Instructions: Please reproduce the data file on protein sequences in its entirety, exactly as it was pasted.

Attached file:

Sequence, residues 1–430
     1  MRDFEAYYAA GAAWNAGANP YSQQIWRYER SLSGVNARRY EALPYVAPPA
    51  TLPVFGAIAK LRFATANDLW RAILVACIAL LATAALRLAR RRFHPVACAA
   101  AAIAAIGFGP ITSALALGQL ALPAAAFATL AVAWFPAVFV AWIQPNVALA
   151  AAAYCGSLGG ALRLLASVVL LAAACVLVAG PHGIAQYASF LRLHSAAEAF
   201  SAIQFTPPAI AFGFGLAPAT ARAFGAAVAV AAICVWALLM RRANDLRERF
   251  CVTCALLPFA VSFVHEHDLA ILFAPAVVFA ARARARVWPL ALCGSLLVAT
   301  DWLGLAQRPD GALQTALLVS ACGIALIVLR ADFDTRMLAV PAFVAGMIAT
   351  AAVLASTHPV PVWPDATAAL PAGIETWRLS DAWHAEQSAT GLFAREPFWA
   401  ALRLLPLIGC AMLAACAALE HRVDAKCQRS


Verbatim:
Sequence, residues 1–430
     1  MRDFEAYYAA GAAWNAGANP YSQQIWRYER SLSGVNARRY EALPYVAPPA
    51  TLPVFGAIAK LRFATANDLW RAILVACIAL LATAALRLAR RRFHPVACAA
   101  AAIAAIGFGP ITSALALGQL ALPAAAFATL AVAWFPAVFV AWIQPNVALA
   151  AAAYCGSLGG ALRLLASVVL LAAACVLVAG PHGIAQYASF LRLHSAAEAF
   201  SAIQFTPPAI AFGFGLAPAT ARAFGAAVAV AAICVWALLM RRANDLRERF
   251  CVTCALLPFA VSFVHEHDLA ILFAPAVVFA ARARARVWPL ALCGSLLVAT
   301  DWLGLAQRPD GALQTALLVS ACGIALIVLR ADFDTRMLAV PAFVAGMIAT
   351  AAVLASTHPV PVWPDATAAL PAGIETWRLS DAWHAEQSAT GLFAREPFWA
   401  ALRLLPLIGC AMLAACAALE HRVDAKCQRS